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Hoffmann, R. A wiki for the life sciences where authorship matters. Nature Genetics (2008)

An Arabidopsis thaliana lipoxygenase gene can be induced by pathogens, abscisic acid, and methyl jasmonate.

We isolated and characterized a 2.8-kb, full-length, Arabidopsis thaliana cDNA clone encoding a lipoxygenase. DNA sequence analysis showed that the deduced amino acid sequence of the Arabidopsis protein is 72 to 78% similar to that of legume seed lipoxygenases. DNA blot analysis indicated that Arabidopsis contains a single gene, LOX1, with appreciable homology to the cDNA clone. RNA blot analysis showed that the LOX1 gene is expressed in Arabidopsis leaves, roots, inflorescences, and young seedlings. LOX1 expression levels were highest in roots and young seedlings. In mature plants, LOX1 mRNA levels increased upon treatment with the stress-related hormones abscisic acid and methyl jasmonate and remained high for at least 96 h. Expression of the LOX1 gene was examined following infiltration of leaves with virulent (Psm ES4326) and avirulent (Pst MM1065) strains of Pseudomonas syringae. LOX1 mRNA levels were induced approximately 6-fold by both virulent and avirulent strains; however, the response to avirulent strains was much more rapid. Infiltration of leaves with Pst MM1065 resulted in maximal induction within 12 h, whereas maximal induction by Psm ES4326 did not occur until 48 h. When a cloned avr gene, avrRpt2, was transferred to Psm ES4326, LOX1 mRNA accumulated in a pattern similar to that observed for the avirulent strain Pst MM1065.[1]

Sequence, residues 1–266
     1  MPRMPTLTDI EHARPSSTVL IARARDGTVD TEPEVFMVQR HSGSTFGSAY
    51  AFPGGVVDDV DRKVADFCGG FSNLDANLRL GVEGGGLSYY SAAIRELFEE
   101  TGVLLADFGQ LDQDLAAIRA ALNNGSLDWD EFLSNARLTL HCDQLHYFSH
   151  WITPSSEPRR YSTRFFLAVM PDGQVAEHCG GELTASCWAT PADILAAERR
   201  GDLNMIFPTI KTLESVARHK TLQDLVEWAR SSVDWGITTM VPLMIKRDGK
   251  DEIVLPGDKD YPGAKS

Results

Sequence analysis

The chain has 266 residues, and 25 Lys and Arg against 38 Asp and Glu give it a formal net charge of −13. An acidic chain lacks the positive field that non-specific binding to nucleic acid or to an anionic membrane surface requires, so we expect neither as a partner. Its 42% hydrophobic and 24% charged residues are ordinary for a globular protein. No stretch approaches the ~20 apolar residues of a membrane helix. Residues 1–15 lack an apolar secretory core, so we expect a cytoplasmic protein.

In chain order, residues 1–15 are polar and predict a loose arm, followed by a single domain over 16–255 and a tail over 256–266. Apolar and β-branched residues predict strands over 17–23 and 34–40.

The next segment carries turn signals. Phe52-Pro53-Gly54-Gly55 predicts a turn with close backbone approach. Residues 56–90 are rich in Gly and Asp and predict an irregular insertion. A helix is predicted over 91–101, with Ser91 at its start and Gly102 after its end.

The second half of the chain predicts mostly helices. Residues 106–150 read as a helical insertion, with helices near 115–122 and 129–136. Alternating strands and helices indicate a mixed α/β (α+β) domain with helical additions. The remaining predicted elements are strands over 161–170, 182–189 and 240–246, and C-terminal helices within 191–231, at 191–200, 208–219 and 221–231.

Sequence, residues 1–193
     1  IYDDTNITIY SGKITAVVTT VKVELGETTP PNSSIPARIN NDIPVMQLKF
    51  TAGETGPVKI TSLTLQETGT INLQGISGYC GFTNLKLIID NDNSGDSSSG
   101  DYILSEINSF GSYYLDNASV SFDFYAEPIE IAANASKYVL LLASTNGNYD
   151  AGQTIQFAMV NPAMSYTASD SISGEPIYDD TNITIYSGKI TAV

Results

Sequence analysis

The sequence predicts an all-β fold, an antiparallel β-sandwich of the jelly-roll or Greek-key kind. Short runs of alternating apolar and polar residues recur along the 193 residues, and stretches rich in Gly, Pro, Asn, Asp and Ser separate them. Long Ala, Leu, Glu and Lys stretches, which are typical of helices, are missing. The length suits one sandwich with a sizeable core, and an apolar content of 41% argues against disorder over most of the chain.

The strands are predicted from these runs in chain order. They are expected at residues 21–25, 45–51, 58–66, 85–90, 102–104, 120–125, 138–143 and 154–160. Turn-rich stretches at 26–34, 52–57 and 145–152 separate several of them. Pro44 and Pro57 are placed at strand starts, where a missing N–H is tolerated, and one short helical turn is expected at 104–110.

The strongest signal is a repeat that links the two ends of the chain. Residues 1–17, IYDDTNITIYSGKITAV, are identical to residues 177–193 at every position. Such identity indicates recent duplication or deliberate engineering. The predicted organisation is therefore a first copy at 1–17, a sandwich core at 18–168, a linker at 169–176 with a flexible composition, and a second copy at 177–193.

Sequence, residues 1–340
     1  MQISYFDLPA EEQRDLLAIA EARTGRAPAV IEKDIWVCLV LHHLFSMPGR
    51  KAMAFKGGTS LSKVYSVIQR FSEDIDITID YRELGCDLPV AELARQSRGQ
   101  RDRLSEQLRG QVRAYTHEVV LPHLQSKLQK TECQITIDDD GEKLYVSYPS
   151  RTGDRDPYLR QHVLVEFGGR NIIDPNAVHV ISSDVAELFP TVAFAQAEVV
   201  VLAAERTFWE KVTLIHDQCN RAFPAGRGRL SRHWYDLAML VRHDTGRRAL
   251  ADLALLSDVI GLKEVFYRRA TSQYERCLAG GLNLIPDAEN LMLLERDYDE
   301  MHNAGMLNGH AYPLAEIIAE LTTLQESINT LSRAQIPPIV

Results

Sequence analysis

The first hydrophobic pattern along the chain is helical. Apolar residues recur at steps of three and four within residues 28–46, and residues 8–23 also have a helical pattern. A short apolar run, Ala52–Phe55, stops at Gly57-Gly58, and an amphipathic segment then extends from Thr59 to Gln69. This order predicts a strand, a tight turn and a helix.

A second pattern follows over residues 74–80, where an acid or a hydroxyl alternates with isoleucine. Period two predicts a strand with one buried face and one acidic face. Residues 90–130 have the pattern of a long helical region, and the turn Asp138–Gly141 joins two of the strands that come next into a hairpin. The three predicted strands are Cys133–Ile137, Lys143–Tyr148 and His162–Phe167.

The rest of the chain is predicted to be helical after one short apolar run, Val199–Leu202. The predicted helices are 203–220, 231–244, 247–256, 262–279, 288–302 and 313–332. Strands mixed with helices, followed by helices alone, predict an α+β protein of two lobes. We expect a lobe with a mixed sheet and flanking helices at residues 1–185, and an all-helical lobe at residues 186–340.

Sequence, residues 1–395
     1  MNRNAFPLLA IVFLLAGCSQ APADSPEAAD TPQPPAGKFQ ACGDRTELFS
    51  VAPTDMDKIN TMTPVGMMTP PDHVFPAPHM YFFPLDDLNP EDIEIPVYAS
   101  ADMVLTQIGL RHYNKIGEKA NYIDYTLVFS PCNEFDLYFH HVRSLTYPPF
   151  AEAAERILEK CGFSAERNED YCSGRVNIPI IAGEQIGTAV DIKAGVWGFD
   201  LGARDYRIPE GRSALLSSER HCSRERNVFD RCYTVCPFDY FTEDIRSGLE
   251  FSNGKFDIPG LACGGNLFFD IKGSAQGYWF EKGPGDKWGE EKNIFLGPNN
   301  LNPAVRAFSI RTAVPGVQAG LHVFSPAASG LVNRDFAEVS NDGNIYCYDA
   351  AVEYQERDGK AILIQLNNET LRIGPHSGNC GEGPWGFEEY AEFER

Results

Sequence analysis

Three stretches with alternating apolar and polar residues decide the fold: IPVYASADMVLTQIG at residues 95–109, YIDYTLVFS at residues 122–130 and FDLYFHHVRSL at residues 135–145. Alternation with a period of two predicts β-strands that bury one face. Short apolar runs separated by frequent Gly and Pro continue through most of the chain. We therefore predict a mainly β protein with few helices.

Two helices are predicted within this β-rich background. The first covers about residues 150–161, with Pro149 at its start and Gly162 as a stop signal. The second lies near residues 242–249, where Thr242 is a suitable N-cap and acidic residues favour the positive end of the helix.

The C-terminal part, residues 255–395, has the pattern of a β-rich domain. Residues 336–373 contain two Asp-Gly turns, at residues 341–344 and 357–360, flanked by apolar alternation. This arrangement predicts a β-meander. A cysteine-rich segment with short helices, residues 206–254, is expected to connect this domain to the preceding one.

1. An Arabidopsis thaliana lipoxygenase gene can be induced by pathogens, abscisic acid, and methyl jasmonate. Melan, M.A., Dong, X., Endara, M.E., Davis, K.R., Ausubel, F.M., Peterman, T.K. Plant Physiol. (1993) [Pubmed]
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